The White Lantern is dead, and now the entire galaxy hunts for the ones that killed him: The Omega Men! But is there more to the story than meets the eye? Your Major Spoilers review of Omega Men #1 awaits!
OMEGA MEN #1
Writer: Tom King
Artist: Barnaby Bagenda
Colorist: Romulo Fajardo Jr.
Letterer: Pat Brosseau
Editor: Andy Khouri and Brian Cunningham
Publisher: DC Comics
Cover Price: $2.99
Previously in Omega Men: “The Omega Men are back in an all-new series! They’ve murdered White Lantern Kyle Rayner and now, the universe wants them to pay! Who are these intergalactic criminals – and is there more to their actions than meets the eye?”
THROWN RIGHT IN
For those of you who aren’t aware, the Omega Men are NOT a new concept in the DCYou, dating back to 1981, but (since we’re in a post-Flashpoint world) I picked up this comic expecting that none of that particularly matters other than identifying names. That prediction is quickly proven true, as we’re thrown into a story that seemingly continues from previous issue of ‘New Guardians’, with the entire galaxy searching for the Omega Men in connection with the death of Kyle Rayner. (Before anyone panics, remember Kyle’s tendency to return from the dead. I don’t expect that he’s permanently out of action.) The bulk of the issue deals with the agents of the Citadel seeking them out, with some really impressive space-scapes and dirty Star Wars-style encampments. When we do find the team, it consists of old-school Omega Men Primus, Tigorr, Broot, Doc and a new (?) character named Scrapps (whom I kind of don’t care for already) rounding out their band. There are a few pages of interaction between the team members, and the issue ends with a sort-of-twist that may indicate the real plot. (An aside: Many pages of this issue feature untranslated alien dialogue balloons, which I found off-putting and detrimental to the story, but I expect that mileage will vary on that point…)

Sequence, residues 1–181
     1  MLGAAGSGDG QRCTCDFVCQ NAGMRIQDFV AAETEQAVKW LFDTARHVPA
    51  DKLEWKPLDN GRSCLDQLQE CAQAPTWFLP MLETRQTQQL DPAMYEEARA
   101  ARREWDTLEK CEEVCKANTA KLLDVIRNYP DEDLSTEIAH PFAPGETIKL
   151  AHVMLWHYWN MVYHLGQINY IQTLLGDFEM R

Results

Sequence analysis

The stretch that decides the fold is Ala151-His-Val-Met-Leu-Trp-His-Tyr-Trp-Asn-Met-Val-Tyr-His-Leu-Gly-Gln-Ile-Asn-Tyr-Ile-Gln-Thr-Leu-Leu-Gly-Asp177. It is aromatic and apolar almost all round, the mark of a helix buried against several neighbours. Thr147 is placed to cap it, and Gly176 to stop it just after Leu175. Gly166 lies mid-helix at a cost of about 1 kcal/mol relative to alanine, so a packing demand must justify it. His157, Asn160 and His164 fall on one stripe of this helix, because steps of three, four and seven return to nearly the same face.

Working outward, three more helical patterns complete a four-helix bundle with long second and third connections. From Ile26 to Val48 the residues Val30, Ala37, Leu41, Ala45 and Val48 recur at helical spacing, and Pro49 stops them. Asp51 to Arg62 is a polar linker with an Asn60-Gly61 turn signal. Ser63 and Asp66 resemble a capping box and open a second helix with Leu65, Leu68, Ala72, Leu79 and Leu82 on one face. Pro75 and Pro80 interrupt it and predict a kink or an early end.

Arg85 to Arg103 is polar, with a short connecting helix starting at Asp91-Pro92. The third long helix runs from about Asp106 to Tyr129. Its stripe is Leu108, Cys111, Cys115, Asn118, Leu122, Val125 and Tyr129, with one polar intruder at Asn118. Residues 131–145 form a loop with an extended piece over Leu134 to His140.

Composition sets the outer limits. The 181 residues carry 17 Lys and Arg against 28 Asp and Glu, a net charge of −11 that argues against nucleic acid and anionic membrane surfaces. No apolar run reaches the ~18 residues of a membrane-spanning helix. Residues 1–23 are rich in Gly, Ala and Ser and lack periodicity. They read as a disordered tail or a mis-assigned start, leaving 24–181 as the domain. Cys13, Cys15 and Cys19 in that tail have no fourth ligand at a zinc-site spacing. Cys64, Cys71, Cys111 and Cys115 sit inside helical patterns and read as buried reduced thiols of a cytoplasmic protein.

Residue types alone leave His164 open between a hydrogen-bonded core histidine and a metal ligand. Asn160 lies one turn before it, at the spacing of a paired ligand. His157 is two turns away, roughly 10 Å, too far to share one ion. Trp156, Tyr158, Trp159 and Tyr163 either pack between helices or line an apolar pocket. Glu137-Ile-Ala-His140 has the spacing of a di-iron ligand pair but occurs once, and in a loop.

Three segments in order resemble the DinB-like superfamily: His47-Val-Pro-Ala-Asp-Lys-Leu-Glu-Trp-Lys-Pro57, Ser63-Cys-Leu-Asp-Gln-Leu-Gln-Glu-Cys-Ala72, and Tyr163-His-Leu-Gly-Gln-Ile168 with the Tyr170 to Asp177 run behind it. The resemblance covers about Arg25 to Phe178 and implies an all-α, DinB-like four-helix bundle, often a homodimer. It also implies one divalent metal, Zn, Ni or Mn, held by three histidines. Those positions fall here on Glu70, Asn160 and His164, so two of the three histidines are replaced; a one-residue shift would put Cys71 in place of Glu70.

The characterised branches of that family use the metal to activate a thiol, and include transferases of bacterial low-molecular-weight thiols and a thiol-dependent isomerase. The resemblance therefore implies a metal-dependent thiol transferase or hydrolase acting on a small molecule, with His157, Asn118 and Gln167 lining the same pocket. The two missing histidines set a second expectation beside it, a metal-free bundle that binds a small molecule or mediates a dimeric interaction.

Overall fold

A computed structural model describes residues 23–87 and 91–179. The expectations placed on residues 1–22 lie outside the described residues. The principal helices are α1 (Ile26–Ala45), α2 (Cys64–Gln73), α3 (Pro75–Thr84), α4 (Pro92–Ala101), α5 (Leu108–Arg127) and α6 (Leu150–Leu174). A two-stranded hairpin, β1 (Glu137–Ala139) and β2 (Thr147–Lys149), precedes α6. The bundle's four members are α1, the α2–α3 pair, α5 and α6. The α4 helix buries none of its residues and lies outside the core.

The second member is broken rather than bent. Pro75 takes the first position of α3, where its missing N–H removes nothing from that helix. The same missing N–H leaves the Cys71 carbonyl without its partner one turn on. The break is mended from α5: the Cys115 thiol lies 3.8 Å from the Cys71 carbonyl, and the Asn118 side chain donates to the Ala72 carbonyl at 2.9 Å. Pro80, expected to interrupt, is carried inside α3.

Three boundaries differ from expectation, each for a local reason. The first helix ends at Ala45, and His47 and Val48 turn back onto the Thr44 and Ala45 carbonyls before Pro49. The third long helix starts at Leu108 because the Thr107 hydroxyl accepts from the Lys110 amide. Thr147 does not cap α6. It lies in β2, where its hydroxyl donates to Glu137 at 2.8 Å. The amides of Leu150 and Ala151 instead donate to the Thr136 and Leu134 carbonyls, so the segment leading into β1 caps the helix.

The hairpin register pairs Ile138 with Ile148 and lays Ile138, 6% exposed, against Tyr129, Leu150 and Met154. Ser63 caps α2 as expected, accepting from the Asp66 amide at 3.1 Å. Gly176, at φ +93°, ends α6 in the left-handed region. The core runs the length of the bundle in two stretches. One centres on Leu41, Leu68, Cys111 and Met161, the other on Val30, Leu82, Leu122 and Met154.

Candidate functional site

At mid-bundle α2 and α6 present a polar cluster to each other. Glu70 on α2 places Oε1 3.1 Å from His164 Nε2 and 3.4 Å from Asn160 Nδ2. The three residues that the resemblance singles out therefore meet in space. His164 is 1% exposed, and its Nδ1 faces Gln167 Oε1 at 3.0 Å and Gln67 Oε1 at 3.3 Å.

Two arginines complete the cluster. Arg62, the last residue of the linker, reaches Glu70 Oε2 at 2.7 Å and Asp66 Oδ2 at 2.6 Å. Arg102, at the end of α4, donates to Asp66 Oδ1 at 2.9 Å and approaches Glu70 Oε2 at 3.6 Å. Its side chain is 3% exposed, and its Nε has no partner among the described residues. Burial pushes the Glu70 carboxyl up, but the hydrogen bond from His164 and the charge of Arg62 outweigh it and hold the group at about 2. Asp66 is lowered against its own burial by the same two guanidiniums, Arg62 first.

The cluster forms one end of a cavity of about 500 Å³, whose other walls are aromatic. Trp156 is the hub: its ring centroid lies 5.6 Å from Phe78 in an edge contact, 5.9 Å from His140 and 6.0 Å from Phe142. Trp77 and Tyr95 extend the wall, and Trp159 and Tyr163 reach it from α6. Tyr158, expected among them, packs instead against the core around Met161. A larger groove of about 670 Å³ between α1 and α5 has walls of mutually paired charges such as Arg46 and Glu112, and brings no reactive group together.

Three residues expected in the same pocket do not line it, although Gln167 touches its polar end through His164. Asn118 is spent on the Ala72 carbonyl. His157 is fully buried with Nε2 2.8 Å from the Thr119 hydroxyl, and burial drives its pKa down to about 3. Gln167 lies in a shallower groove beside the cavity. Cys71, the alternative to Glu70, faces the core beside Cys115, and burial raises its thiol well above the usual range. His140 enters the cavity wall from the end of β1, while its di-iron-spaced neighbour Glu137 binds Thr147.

LOVELY NUANCES TO THE ART
First off: This is a good-looking comic book, with art that’s either fully-painted or post-produce to look that way, and the returning Omega Men are recognizable from previous iterations while still looking modern. In this age of goofy and/or ugly covers (I’m looking at you, Secret Wars #3!), special attention must be paid to the impressive front this book puts on: A duo-tone Tigorr face, with a spray-painted logo that evokes a street mural and really helps to sell the underground tone of the story. That art carries the bulk of the heavy lifting this issue, as we’re not really presented with a lot of explanation of setting or characters, save for some inter-character dialogue between Tigorr and Primus. I also appreciate the creators’ decision to leave some of the story’s violence mostly (or entirely) off-panel, leaving us to imagine the most disturbing parts, which works to the book’s advantage. The story is paced okay, but you leave this issue just as much in the dark about the Omega Men and their chunk of the galaxy as you were coming in to it.
THE BOTTOM LINE: LOTS OF SIZZLE, SHORT ON STEAK
Another issue with the book for me came in the coloring, intentionally designed to evoke the “orange and teal” cinematography seen in so many movies lately, which I found a bit distracting, even as I understand why the choice was made. In short, Omega Men #1 is a book with potential, one that draws on cinematic techniques (JJ Abrams especially) but also falls prey to the weaknesses of same, with very strong art, earning 3 out of 5 stars overall. This book occupies the same sort of space that ‘Guardians of The Galaxy’ does at Marvel, and with a little more story delivery, could have the same sort of impact…